Airbag hazard spurs recall bans 276000 Dodge and Chrysler vehicles.jpgw1440

Airbag hazard spurs recall, bans 276,000 Dodge and Chrysler vehicles

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Owners of more than 276,000 vehicles made by Chrysler and Dodge should stop driving them because of the risk of airbags detonating with too much force, federal auto safety officials said Thursday.

The recall applies to Dodge Magnums, Chargers and Challengers, and Chrysler 300s. The affected model years are 2005 to 2010.

Officials issued the warning after two motorists died in separate crashes when the driver’s side airbag, made by now-defunct Japanese auto parts company Takata, exploded with too much force.

Vehicle owners should arrange a no-cost repair by contacting their local car dealer or the appropriate Fiat Chrysler Air Bag Recall Center at 833-585-0144. They should not drive their vehicles to receive this service, federal officials said.

“Unrepaired, recalled Takata airbags are becoming increasingly dangerous as the risk of explosion increases as vehicles age. Every day that passes that a recalled airbag is not replaced puts you and your family at greater risk of injury or death,” Acting Administrator Ann Carlson of the National Highway and Traffic Safety Administration said in a statement. “An exploding Takata airbag can hurl shards of metal toward the driver or passengers, and that shrapnel can kill — and has — killed or maimed people.”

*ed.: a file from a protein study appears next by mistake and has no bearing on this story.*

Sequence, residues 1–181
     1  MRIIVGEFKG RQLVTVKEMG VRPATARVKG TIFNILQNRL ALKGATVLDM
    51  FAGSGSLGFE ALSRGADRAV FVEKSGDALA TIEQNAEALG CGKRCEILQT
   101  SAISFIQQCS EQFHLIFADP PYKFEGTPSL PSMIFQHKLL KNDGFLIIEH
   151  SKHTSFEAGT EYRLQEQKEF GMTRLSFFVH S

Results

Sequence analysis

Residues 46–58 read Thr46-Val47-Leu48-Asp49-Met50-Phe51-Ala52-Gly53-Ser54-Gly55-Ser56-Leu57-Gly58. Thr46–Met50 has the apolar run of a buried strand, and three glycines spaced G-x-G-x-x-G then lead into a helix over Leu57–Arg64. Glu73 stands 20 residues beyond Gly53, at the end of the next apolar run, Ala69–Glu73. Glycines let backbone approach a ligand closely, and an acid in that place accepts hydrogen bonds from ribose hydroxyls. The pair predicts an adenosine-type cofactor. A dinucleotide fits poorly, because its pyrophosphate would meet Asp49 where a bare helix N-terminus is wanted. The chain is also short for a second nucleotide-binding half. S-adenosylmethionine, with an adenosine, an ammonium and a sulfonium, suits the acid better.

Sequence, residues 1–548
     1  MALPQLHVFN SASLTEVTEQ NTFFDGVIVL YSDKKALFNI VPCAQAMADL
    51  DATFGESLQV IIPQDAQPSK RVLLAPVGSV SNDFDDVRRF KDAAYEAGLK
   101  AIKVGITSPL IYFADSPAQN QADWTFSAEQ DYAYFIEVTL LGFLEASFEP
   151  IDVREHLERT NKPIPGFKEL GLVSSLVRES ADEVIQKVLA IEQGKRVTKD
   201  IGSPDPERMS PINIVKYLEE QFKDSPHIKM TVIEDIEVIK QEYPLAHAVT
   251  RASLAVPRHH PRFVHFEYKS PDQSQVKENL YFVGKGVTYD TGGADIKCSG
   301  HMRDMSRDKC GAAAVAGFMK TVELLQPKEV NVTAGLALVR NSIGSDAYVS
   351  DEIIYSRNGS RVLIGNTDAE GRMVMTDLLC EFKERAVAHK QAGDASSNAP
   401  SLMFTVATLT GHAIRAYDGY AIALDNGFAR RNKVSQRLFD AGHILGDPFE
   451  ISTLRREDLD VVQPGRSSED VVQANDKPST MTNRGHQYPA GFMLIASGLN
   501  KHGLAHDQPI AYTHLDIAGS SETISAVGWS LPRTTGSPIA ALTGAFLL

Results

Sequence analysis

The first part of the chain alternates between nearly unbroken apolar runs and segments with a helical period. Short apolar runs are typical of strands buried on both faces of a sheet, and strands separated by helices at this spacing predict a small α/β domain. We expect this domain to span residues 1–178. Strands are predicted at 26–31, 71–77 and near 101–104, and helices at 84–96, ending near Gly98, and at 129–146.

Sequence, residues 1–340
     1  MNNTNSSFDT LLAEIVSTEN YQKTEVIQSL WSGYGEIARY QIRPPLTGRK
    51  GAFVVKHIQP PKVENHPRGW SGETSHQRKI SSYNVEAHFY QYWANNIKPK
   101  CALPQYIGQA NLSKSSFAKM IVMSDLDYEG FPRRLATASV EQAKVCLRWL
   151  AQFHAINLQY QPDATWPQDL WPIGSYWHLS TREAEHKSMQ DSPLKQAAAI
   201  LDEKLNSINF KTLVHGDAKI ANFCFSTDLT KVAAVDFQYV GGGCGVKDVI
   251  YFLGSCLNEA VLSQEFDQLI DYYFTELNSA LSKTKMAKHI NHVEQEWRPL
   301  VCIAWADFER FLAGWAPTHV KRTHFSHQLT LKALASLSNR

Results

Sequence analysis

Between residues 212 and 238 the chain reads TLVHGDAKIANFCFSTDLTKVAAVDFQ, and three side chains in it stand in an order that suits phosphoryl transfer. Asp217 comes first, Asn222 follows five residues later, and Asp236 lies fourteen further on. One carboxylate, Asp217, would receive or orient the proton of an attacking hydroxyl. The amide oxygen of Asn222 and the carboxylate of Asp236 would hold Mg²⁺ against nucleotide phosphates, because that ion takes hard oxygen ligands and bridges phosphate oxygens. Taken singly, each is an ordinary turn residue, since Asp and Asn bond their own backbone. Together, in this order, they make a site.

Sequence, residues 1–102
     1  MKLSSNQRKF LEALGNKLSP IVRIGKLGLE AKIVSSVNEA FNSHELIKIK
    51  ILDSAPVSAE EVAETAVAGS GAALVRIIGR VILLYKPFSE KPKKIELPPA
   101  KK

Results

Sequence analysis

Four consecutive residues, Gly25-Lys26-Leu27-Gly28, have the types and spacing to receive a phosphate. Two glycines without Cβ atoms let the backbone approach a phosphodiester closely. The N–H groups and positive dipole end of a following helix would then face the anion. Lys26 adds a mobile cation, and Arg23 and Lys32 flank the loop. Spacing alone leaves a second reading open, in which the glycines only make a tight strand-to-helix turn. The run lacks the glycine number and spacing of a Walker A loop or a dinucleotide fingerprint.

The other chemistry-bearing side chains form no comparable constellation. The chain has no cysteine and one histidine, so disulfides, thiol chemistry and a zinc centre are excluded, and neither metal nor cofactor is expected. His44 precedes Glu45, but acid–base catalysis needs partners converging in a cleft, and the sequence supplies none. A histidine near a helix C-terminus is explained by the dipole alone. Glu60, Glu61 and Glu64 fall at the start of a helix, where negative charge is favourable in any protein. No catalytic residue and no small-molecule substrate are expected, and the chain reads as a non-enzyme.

In a statement, Stellantis, Fiat Chrysler’s parent company, said it has “sufficient inventory of new airbags to meet demand.” The repair process takes less than an hour.

“Owners or custodians of these vehicles will be contacted directly, instructed to stop driving their vehicles and requested to seek the required service, which remains available free of charge from any FCA-branded certified dealer,” the company said in reference to Fiat Chrysler automobiles.

Representatives from Joyson Safety Systems, which bought Takata in 2018, did not immediately respond to a request for comment.

Since 2013, NHTSA has forced the recall of 67 million Takata airbags due to a defect that can cause them to explode with too much force and sometimes shrapnel at motorists.

Takata pleaded guilty to criminal misconduct in 2017 to resolve allegations that it covered up those shortcomings. The company paid a $1 billion penalty, including $125 million for a victim compensation fund and $850 million for automakers to fund repairs.